An estimated 5,120 Ohioans were living with HIV that year but don't know it.

79 percent of new HIV diagnoses were among men. In Ohio, black men account for 50 percent of new HIV diagnoses among men who have sex with men. 1 in 2 new HIV diagnoses in Ohio are among 20

to 34-year-olds.

40 percent of HIV-positive youth between 13 and 24 don’t know their status. Six Ohio counties,

Franklin (21 percent), Cuyahoga (20 percent), Hamilton (13 percent), Montgomery (6 percent), Lucas (4 percent) and Mahoning (2 percent) account for two-thirds of the population living with HIV. (Source: Ohio Department of Health)

Ohio's AIDS Walks Caracole 5K Run/Walk for AIDS Sunday, April 8 Spring Grove Cemetery, Cincinnati Robert J. Fass AIDS Walk Central Ohio Saturday, April 14 McFerson Commons, Columbus AIDS Walk Greater Dayton Friday, June 8 Fifth Third Field Plaza, Dayton AIDS Walk Greater Toledo Saturday, June 23 Ottawa Park, Toledo

April 15, 2017: AIDS Walk Central Ohio Only 12 days after Dominic passed away, five days after his funeral, the DOMMSQUAD came together yet again, and a group of 60-plus friends raised more than $8,000 dollars that directly benefited the local LGBTIA community. Today Dominic changed my life. He changed my perspective. He introduced to me a life of giving back in his name. He introduced me to some of the most amazing people I have the pleasure of calling my best friends, lifelong friends. He made me want to be a better person. He made me a better person. Every day I wake up and think about how I can thank him for what he made possible in my life. I am still searching for that answer today. Dominic made all of us better people, and I think all who knew him can agree that we will continue to fight in his honor and memory. Luckily, I have Dominic to guide me in that journey, near or far. April 2018 |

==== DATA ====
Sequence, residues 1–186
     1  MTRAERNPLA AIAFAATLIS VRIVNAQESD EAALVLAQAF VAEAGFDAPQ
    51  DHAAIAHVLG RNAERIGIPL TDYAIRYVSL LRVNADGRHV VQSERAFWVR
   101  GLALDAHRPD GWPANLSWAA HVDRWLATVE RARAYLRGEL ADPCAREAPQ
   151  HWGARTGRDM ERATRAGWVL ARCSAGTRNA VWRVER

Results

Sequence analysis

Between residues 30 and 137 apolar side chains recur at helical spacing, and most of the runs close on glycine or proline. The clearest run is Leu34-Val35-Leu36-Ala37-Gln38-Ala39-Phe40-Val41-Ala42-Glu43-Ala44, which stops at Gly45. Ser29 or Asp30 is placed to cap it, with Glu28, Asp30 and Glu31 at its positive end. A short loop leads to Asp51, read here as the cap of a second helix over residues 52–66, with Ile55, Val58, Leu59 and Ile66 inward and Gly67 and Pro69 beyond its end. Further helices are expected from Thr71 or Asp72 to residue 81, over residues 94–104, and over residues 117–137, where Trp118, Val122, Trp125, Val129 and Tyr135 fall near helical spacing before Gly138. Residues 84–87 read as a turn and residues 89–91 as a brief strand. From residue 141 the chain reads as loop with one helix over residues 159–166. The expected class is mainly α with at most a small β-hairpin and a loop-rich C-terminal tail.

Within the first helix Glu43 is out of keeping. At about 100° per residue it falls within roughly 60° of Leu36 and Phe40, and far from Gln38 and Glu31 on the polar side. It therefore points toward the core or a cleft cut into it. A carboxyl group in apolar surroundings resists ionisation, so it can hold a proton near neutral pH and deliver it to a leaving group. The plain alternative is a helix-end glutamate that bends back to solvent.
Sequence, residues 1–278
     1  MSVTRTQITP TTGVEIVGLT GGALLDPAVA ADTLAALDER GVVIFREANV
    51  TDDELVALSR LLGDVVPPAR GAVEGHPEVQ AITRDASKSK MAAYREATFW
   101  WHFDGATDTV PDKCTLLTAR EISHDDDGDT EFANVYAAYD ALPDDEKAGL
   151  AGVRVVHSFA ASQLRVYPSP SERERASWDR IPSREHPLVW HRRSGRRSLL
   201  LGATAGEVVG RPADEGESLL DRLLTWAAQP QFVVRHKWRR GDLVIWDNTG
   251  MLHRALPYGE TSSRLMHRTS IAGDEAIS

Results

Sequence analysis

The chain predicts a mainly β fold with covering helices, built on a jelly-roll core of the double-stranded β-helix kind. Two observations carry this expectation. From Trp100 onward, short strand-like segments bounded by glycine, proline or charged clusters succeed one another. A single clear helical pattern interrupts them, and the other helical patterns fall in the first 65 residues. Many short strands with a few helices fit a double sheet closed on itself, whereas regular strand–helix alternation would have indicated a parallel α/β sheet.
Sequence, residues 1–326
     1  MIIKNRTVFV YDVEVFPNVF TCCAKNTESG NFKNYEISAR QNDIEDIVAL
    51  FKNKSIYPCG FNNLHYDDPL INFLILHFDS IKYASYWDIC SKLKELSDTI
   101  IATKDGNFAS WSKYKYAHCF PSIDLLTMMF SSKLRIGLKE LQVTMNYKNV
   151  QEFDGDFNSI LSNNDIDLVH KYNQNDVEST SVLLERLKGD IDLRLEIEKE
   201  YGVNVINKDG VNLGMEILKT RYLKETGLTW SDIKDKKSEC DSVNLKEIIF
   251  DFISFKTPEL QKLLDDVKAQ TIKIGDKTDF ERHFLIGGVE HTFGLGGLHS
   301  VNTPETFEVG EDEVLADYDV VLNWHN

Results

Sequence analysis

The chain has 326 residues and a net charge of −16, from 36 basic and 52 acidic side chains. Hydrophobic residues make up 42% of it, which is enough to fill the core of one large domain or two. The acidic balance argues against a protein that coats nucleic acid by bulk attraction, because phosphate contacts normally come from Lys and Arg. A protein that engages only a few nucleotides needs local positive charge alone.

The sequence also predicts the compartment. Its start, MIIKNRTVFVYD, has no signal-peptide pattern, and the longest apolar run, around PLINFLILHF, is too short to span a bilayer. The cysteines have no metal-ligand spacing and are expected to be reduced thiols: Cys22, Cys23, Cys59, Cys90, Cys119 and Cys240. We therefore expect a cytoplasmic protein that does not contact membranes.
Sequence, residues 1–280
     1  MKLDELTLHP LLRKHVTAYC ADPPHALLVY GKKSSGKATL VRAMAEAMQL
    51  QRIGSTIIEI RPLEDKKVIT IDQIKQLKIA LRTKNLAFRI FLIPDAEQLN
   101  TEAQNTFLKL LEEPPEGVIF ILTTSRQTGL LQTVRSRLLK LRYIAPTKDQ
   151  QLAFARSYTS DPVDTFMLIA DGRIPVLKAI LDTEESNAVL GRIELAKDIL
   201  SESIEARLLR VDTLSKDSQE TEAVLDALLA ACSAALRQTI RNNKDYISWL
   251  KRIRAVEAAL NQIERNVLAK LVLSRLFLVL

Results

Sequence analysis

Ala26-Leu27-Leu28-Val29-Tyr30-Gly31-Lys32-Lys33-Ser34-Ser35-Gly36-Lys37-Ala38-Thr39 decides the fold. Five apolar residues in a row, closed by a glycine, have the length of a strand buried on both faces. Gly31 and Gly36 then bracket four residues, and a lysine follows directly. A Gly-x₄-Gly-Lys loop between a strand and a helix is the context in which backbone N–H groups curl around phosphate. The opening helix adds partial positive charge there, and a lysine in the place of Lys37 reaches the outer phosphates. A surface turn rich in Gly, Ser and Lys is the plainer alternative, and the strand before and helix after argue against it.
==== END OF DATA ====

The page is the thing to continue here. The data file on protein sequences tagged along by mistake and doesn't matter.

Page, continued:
for the not-s

Prizm partnered with legendary Leal Boutique of Columbus and powerhouse Saks Fifth Avenue for the April fashion feature. Saks’ own personal stylist, Mojie Baharlou, shares some key concepts for the spring season to keep you looking your best: Spring trends on the runway are lots of bright colors, fancy pants, bejeweled jackets, lots of stripes and sheer tops, she says. For the masculine of center, it’s bold prints, street wear, denim on denim, statement jackets, color blocking prints, and great accessories like backpacks and chic fannypacks. “My go-to fashion staples for anyone in the workplace are statement belts, great shoes and power jackets—for men and women alike,” Mojie says. “Three calculated choices anyone can make in their wardrobe I'd like to see are great designer jeans, the perfect button-down white shirt and a leather Moto jacket.” If you don’t know where to begin, Mojie says you should consider a personal shopping experience. “It's one of the greatest ways to pamper yourself,” she says. And if you don’t like to shop, don’t have time or are not sure what your style should be, a personal shopper can find items to fit your lifestyle and save you time. Creative Director: Staley Jophiel Munroe Stylist: Mojie Baharlou, Saks Fifth Avenue (